In view of the foregoing, let us consider some of the circumstances that particularly affect the body of Christ—the second category of experiences noted previously—and which more directly impact our spiritual lives. Many of these have already commenced, and as we approach the final experiences of the last members of the church, there probably will be an intensification of perils to face and overcome if we are to make our calling and election sure. Five such areas to be addressed include: ecclesia size; family and marriage concerns; sacrifice; relevancy of Bible Student teachings; and spiritual powers of wickedness.


In most locations, ecclesias have become smaller. This is likely to continue because many of the Lord’s people are completing their earthly sojourn. In other cases, brethren are aging and unable to meet. Some here and there may hold different views on various Scriptures from what they once believed, and therefore go elsewhere to obtain spiritual fellowship. Finally, fewer individuals are being attracted to the heavenly calling in many parts of the world. Will brethren cease to meet if the ecclesia gets too small? From a practical standpoint, it may no longer be feasible to rent a meeting hall. Thus, the consecrated may be tested as to whether they still hold to the promise that where two or three are gathered together in his name, the Lord will be in the midst to bless them. (Matt. 18:20) This may result in more use of homes for Sunday meetings, which many classes already do. In other cases, brethren of different ecclesias who are in close proximity to each other may initiate some joint fellowship which may ultimately result in coming together as one new class.

There also are online and telephone meetings, which enable brethren to fellowship together even though they may live a great distance from each other, and sometimes even in different countries. As world conditions worsen, however, will brethren become tempted not to meet together because of concerns for physical safety? Even today, many brethren, especially some of the elderly, may feel more comfortable attending a meeting during the daytime rather than going out at night, and if they all are retired, this might work out very nicely for them.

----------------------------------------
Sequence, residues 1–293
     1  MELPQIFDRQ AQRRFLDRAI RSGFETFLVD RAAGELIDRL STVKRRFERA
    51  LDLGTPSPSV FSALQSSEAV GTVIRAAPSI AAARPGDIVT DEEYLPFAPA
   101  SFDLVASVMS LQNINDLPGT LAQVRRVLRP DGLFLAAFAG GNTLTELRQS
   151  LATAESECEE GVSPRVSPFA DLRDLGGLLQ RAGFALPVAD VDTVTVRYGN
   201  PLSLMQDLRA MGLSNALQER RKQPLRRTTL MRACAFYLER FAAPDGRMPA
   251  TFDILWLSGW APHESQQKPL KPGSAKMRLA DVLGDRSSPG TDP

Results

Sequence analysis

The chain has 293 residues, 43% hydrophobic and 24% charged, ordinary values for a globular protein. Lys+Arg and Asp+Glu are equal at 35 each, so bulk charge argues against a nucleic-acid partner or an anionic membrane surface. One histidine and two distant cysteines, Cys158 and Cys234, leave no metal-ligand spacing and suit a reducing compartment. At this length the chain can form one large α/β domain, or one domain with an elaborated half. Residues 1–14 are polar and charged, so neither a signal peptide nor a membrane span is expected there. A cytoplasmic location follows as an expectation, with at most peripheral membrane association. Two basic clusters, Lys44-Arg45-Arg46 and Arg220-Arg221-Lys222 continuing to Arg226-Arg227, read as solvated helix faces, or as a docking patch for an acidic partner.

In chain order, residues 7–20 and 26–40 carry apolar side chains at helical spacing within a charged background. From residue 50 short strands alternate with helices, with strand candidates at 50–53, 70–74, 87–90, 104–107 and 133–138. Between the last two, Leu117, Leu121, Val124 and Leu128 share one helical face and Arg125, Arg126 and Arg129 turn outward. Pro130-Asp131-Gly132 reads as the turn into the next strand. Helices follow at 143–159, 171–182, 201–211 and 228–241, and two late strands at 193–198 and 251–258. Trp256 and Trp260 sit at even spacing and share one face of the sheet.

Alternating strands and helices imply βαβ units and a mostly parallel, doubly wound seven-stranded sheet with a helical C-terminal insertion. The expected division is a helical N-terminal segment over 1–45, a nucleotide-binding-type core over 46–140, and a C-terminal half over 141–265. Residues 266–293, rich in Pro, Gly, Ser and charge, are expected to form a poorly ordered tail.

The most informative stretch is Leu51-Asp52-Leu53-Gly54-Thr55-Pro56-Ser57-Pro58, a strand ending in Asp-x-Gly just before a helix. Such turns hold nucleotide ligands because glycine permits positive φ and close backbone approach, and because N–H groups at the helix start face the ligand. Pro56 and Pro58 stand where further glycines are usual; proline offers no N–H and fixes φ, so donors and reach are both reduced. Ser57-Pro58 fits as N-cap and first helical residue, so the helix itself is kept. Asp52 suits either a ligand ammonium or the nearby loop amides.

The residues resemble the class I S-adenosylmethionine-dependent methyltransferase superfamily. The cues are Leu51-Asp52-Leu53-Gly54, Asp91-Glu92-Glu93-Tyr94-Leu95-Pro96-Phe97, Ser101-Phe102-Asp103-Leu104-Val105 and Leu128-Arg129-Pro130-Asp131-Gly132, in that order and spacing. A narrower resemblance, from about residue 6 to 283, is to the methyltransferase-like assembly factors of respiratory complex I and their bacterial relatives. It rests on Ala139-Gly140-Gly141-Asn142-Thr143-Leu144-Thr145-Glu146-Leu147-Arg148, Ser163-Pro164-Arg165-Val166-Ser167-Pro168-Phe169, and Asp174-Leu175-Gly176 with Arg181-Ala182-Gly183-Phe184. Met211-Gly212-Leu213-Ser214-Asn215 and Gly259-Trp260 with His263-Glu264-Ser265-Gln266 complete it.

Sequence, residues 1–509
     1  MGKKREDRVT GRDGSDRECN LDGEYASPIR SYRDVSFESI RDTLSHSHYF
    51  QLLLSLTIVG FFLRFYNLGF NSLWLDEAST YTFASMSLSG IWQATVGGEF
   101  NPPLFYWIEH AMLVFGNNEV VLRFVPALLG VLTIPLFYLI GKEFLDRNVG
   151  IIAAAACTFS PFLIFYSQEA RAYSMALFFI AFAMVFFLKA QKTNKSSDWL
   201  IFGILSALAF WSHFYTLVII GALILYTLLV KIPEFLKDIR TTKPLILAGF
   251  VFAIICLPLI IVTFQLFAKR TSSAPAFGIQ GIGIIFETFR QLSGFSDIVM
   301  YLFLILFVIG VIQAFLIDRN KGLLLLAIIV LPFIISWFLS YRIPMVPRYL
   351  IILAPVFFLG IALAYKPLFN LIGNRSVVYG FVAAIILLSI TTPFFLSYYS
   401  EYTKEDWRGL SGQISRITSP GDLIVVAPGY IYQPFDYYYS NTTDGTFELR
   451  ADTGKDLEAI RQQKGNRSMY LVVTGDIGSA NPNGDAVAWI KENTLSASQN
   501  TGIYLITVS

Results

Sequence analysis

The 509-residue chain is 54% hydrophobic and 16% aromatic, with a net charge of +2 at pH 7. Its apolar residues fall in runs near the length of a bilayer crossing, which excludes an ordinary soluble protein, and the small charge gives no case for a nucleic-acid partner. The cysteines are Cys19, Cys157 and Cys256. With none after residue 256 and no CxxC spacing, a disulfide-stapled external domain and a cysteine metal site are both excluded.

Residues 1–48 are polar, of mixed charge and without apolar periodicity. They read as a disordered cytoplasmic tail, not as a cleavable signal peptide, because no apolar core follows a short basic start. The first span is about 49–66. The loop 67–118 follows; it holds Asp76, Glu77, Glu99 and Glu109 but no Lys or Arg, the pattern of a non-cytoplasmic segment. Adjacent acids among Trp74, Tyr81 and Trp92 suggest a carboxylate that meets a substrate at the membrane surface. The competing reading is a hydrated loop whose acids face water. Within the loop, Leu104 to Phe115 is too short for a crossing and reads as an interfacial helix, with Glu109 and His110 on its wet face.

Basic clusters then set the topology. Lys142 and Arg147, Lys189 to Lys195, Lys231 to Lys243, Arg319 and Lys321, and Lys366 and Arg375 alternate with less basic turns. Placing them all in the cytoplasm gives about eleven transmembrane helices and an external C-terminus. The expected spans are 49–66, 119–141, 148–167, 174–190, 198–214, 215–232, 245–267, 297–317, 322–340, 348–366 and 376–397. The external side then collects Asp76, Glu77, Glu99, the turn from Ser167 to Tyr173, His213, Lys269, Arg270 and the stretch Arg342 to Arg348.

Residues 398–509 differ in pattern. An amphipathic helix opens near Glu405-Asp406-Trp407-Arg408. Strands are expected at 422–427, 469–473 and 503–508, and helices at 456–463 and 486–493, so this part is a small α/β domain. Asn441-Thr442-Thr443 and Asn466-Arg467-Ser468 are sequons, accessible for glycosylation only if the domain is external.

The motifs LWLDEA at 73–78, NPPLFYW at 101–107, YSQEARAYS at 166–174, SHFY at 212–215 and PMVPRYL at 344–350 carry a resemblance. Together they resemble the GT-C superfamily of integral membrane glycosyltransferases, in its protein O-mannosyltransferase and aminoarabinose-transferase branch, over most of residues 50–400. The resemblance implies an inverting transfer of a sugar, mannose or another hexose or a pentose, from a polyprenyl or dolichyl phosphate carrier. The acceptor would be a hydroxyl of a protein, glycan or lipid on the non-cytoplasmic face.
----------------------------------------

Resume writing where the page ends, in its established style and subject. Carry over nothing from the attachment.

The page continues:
If increased persecution of the Lord’s people becomes a greater reality in the future, how will brethren react? Many ecclesias have active witness projects, and their addresses and names can easily be found. Bible Student groups can be found on the Internet, and many of their publications sent throughout the world are accessible to all kinds of people. Broadcasts on radio and television by the Lord’s people are commonplace. Consider the difficulties that brethren have from time to time in finding suitable locations for holding conventions, because of doctrine that may be at variance with other established beliefs. If the powers that be wish to locate the brethren, that will not be difficult in this day of widespread surveillance. Suppose the authorities forbade our assemblage together, what would brethren do?

It is not our purpose to say what might be the proper course to take under such circumstances. However, the Early Church also faced issues when the authorities in power attempted to thwart the spread of Christianity. These believers’ attitude was that they would obey God rather than man. In view of their attitude, let nothing deter us today from fulfilling our responsibilities to edify and build one another up in the most holy faith, despite the shrinking nature of our ecclesias as the church is diminishing on this side of the veil. “Let us consider one another to provoke unto love and to good works: Not forsaking the assembling of ourselves together, as the manner of some is; but exhorting one another: and so much the more, as ye see the day approaching.”—Heb. 10:24,25